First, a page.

As Rosetta Spacecraft Crash-Lands Successfully, A Bittersweet Celebration

Mission accomplished

Rosetta Cakes
At Jet Propulsion Laboratory, a pair of cakes celebrate the end of Rosetta’s life Shannon Stirone

After traveling 4.9 billion miles, the first spacecraft to orbit a comet ended its mission today by softly “landing” onto Churyumov-Gerasimenko or 67/P. At 4:19 am Pacific time, the team here at Jet Propulsion Laboratory in California received confirmation that Rosetta had carried out its final command, to end its life by crashing into the surface of the comet.

“The whole process of landing was perfect,” says Project Scientist Bonnie Buratti. “We weren’t sure about the gravity field of the comet or the off-gassing, but it went flawlessly.”

Spectacular new photos that Rosetta took during its final descent show the comet in a new perspective, only achievable by crashing the craft into the surface. Buratti and JPL Project Manager Art Chmielewski are connected via Skype from Germany to walk the team at JPL through the new close-up images, which show small boulders and pebbles up close. “We got to take these images with unprecedented resolution,” says Chmielewski. “When the spacecraft went for its suicidal landing, we got confirmation that it’s there, and upon touching the surface, it disconnected itself.”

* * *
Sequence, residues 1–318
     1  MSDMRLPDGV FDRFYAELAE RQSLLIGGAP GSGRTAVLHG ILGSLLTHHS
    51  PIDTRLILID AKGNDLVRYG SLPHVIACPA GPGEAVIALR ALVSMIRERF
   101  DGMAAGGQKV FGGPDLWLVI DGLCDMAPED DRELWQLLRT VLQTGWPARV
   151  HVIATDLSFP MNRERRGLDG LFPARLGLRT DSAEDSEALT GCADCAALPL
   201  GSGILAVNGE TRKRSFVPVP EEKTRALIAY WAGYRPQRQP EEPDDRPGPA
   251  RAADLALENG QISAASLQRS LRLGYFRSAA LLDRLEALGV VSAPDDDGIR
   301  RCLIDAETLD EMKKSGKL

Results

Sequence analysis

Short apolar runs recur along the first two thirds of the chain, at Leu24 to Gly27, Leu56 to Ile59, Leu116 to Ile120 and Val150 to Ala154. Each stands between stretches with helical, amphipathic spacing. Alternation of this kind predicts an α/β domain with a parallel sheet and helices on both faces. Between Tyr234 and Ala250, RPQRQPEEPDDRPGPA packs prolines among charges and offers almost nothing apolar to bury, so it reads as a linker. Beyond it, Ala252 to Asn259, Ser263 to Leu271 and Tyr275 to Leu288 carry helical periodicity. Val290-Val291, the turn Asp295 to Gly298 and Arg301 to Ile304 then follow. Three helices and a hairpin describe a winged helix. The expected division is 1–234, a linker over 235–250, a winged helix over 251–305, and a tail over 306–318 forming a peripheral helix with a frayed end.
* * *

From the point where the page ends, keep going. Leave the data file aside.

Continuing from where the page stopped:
up close
The view from 5.8 kilometers above the comet surface this morning ESA/Rosetta

“These are the tiny little building blocks that made up the planet. We are answering the most fundamental questions of how we got here,” says Buratti.

It’s a bittersweet day. Many people here on the JPL Rosetta team have spent over a decade planning the mission and studying 67/P. The beginning and end of this mission mark a lifetime of planning, sequencing and scientific research for dozens of people around the world. The mission was first proposed back in the 1970s but wasn’t accepted by the European Space Agency until 1993. Rosetta launched in 2004, and finally entered orbit around the comet in 2014. It’s been conducting research for the last two years, providing scientists with a surplus of data.

It’s a sad day when we lose a spacecraft that’s delivered so much important science to researchers, but, here at JPL, there’s cake.

Rosetta Cake
Rosetta Cake Shannon Stirone